If you said that Wello, world will print, think again. Your most likely output is something like:

Segmentation fault (core dumped)

A string literal is put into a section that is read only and trying to write to it makes things blow up!

The right fix is to make anything that a string literal can be assigned to a const char*. Unfortunately, sometimes you can't fix the problem at the source, because it's someone else's code, and you can't change the declaration. For example, if you had this function:

int PyArg_ParseTupleAndKeywords(PyObject *arg, PyObject *kwdict,
                        char *format, char **kwlist, ...);

and you had a keyword list to pass it that looked like this:

static char *kwlist[] = {"fget", "fset", "fdel", "doc", 0};
        if (!PyArg_ParseTupleAndKeywords(args, kwds, "|OOOO:property",
                                  kwlist, &get, &set, &del, &doc))

you would get the warning on the kwlist assignment, because you're assigning a const char * to char *, but when you correctly change it to:

static const char *kwlist[] = {"fget", "fset", "fdel", "doc", 0};

to get rid of the waring you'll get a warning on the call to PyArg_ParseTupleAndKeywords:

error: invalid conversion from ‘const char’ to ‘char

because the library function was declared as taking a char for the fourth argument. Your only recourse is to cast away the constness with a const_cast:

if (!PyArg_ParseTupleAndKeywords(args, kwds, "|OOOO:property",
                                  const_cast<char **>(kwlist), &get, &set, &del, &doc))

Annoying, yet more correct than before, and your code maintains type correctness. You just cast away the correct constness for the brain damaged external routine.

dereferencing type-punned pointer will break strict-aliasing rules

this warning is only active when strict-aliasing optimization is active

-Wstrict-aliasing - equivalent to -Wstring-aliasing=3 (included in -Wall)
-Wstrict-aliasing=N where N is in {1,2,3} - Higher N implies less false positives, at the expense of more work. Currently there are 3 levels.

Level 1: Most agressive, quick, very few false negatives, but many false positives. Might use if higher levels don't warn, but turning on -fstrict-aliasing breaks the code. Warns about pointer conversions even if pointer not dereferenced.
Level 2: Aggressive, quick, not too precise. Less false positives than Level 1, but more false negatives. Only warns if pointer is dereferenced.
Level 3: Very few false positives and very few false negatives--the default.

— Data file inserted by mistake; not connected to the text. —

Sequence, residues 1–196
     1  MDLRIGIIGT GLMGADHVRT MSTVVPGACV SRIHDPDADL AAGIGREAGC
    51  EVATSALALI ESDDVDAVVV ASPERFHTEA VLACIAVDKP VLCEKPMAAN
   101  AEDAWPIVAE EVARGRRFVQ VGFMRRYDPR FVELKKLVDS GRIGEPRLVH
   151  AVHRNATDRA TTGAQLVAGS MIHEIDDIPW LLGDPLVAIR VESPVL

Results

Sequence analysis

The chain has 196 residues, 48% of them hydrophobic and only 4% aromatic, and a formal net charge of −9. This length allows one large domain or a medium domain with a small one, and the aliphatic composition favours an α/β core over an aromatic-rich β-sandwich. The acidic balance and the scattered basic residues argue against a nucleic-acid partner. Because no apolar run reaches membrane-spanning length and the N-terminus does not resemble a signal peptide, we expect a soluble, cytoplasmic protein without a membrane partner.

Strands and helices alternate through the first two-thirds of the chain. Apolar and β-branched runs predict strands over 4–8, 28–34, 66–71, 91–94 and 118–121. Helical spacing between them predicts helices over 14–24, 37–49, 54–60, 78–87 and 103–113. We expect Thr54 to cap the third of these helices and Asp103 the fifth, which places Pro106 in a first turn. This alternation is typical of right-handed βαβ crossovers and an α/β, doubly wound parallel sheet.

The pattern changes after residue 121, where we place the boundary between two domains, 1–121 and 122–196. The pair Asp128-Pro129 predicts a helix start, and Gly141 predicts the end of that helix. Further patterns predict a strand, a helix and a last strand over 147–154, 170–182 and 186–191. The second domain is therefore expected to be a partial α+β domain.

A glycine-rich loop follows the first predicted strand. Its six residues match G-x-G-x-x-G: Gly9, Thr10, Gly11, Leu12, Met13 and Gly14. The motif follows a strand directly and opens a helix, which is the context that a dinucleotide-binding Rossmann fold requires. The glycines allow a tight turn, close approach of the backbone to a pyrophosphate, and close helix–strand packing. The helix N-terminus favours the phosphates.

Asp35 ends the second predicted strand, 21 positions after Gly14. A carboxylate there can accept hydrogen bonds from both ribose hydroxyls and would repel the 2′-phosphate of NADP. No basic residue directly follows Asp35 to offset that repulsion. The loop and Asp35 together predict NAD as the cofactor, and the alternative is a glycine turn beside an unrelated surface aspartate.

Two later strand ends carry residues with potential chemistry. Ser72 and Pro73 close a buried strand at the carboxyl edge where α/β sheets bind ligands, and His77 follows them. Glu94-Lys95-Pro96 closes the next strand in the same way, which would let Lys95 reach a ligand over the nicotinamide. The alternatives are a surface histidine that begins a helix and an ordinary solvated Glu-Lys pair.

-fstrict-aliasing - also turned on by -O2, -O3 and -Os. Tells the compiler that it's ok to do a certain class of optimization based on the type of expressions. In particular you're promising by using this flag that an object of one type won't reside at the same address as an object of an incompatible type.
-fno-strict-aliasing - turns off this optimization. If this changes the behavior of your code, you have a problem in your code.

This is trying to let you know that you are asking the compiler to do undefined behavior and it may not do what you think it will do. As the optimization level increases, the likelihood that you won't like what it does will increase. I show a simple example later that surprisingly generates the wrong result when optimization at any level is turned on. Ignore this warning at your own peril. You are unlikely to care for the undefined behavior that results.

From the C++ Standard, section 3.10 Lvalues and rvalues
      15   If a program attempts to access the stored value of an object through an lvalue of other than
          one of the following types the behavior is undefined
        — the dynamic type of the object,
        — a cv-qualified version of the dynamic type of the object,
        — a type similar (as defined in 4.4) to the dynamic type of the object,
        — a type that is the signed or unsigned type corresponding to the dynamic type of the object,
        — a type that is the signed or unsigned type corresponding to a cv-qualified version of the dynamic type of the object,
        — an aggregate or union type that includes one of the aforementioned types among its member
          (including, recursively, a member of a subaggregate or contained union),
        — a type that is a (possibly cv-qualified) base class type of the dynamic type of the object,
        — a char or unsigned char type.

The following program generates 6 warnings about breaking strict-aliasing rules, and many would dismiss them. The correct output of the program is:

00000020 00200000

but when optimization is turned on it's:

00000020 00000020